FIG. 7 is a flow diagram illustrating the processing of a component of the service provider that is invoked when a registration notification message is received from a service intermediary in one embodiment. The component is passed an indication of the service consumer, the contract, and the end code. The component may validate the service consumer and contract. If not valid, the component may send a not confirmed or reject response message to the service intermediary. In block 701, the component retrieves the number of services within a sequence from the contract. In block 702, the component sets a variable to track the number of services that have been requested by counting down from the initial number. In block 703, the component stores the end code in an array S and completes.

FIG. 8 is a flow diagram illustrating the processing of a component of a service provider that is invoked when a service request message is received from a service consumer in one embodiment. The component is passed an indication of the service consumer, the contract, and a code. The component verifies that the code is correct and, if correct, performs the service. In block 801, the component retrieves an indication of the number of services remaining to be provided in the sequence for the service consumer and contract. In decision block 802, if no services are remaining to be provided, then the component returns an error, else the component continues at block 803. In decision block 803, if the application of the one-way function to the received code equals the last code received, then the component continues at block 804, else the component returns an indication of an error. In block 804, the component decrements a variable to track the number of services remaining to be provided. In block 805, the component stores the received code and then returns an indication that the passed code has been verified. The service provider need only save the last code provided for use as non-repudiatable evidence and to verify the correctness of the next code that is received.

FIG. 9 is a flow diagram illustrating the processing of a component of the service intermediary that handles disputes in one embodiment. This component is invoked when a service consumer disputes a charge from a service provider. This component handles dispute resolutions based only on the sequence of codes generated by the service consumer. The component is passed an indication of the service consumer, the service provider, and the registration of the sequence that is being disputed. In block 901, the component requests the appropriate code from the service consumer. The appropriate code represents the number of services for which the service consumer was charged. In block 902, the component requests the service provider to provide the appropriate code (i.e., its non-repudiatable evidence). In decision block 903, if the received codes agree, then the component declares the service provider as the winner, else the component continues at block 904. In block 904, the component retrieves the start code and number of services for that registration. In block 905, the component generates the codes of the sequence. In decision block 906, if the service provider's code agrees with the generated codes, then the component declares the service provider as the winner, else the component continues at block 907. In decision block 907, if the service consumer's code agrees with the generated codes, then the component declares the service consumer as the winner, else the component reports that the dispute cannot be resolved because neither the service consumer nor the service provider provided a code that supports the charged services.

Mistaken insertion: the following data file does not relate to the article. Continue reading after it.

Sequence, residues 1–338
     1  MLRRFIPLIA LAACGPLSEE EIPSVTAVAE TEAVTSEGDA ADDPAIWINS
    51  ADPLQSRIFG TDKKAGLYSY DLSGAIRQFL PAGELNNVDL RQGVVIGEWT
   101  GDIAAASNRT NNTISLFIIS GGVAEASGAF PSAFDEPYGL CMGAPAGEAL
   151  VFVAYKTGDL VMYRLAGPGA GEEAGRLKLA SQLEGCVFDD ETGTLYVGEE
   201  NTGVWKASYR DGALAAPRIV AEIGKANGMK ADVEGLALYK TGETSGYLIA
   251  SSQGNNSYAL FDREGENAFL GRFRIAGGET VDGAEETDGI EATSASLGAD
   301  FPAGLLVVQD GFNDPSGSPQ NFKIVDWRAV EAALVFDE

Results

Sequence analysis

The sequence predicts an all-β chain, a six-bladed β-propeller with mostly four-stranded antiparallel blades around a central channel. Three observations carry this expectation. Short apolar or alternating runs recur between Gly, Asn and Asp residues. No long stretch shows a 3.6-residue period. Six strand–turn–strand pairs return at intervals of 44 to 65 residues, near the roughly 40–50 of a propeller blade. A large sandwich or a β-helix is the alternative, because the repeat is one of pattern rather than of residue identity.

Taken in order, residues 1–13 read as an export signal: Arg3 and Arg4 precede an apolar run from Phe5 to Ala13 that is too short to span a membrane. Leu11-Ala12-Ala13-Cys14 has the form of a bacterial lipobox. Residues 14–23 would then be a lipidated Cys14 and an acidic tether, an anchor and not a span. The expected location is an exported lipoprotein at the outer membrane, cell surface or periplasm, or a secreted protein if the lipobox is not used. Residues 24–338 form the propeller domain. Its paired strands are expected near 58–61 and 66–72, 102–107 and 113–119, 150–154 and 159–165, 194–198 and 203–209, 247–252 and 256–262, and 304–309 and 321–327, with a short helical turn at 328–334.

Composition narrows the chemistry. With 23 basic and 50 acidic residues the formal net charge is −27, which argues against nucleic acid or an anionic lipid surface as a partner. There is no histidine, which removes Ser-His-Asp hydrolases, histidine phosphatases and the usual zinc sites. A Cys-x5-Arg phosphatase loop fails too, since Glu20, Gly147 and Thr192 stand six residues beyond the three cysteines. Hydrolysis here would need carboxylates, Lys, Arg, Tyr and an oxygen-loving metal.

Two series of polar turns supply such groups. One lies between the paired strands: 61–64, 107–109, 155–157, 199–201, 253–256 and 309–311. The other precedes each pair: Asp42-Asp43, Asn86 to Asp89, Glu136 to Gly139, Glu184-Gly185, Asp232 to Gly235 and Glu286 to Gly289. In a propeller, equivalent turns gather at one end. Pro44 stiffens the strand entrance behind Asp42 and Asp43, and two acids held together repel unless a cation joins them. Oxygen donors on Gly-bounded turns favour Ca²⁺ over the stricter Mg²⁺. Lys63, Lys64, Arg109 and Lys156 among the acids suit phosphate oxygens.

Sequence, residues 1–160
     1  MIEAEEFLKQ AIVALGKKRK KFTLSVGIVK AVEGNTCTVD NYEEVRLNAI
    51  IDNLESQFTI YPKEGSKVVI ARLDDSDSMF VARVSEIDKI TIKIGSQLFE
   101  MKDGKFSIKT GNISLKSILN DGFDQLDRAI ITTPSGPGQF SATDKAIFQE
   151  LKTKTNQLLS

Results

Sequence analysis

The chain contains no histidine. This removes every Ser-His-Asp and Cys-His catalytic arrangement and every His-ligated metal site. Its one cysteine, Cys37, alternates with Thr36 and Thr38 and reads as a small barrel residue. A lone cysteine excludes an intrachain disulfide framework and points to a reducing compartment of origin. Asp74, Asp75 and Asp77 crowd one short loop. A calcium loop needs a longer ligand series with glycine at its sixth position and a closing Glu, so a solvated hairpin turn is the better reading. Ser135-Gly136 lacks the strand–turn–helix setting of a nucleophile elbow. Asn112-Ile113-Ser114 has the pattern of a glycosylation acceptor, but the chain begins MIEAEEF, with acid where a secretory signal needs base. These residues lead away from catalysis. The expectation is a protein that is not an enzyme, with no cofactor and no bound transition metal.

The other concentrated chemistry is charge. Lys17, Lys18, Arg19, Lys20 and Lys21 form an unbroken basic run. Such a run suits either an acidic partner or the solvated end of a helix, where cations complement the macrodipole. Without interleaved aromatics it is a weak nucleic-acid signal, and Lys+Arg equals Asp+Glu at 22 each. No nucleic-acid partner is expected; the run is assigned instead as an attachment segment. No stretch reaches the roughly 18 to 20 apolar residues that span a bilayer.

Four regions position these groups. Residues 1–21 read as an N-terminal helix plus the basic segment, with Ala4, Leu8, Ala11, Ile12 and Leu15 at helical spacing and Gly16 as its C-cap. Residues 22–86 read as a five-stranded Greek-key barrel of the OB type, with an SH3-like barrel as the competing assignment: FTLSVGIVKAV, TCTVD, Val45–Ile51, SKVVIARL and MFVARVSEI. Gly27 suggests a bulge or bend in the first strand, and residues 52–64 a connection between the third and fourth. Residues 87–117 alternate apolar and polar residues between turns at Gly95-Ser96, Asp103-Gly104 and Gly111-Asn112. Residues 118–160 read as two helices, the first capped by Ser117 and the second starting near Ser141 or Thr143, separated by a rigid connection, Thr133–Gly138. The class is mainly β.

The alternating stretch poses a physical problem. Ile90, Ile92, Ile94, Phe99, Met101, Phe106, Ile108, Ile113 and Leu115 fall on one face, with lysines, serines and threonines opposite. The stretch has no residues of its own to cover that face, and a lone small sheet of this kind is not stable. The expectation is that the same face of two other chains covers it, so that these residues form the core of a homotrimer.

In one embodiment, when both the service provider and service consumer generate code sequences, the service intermediary declares a winner only when a party provides both codes correctly. To resolve a dispute, the service intermediary asks both parties to provide the service provider and service consumer codes to support their position. If the codes provided by the service provider are correct, then the service intermediary declares the service provider as the winner. Otherwise, if the codes provided by the service consumer are both correct, the service intermediary declares the service consumer as the winner. In all other cases, both parties have provided at least one code that is incorrect, and the service intermediary declares that there is no winner.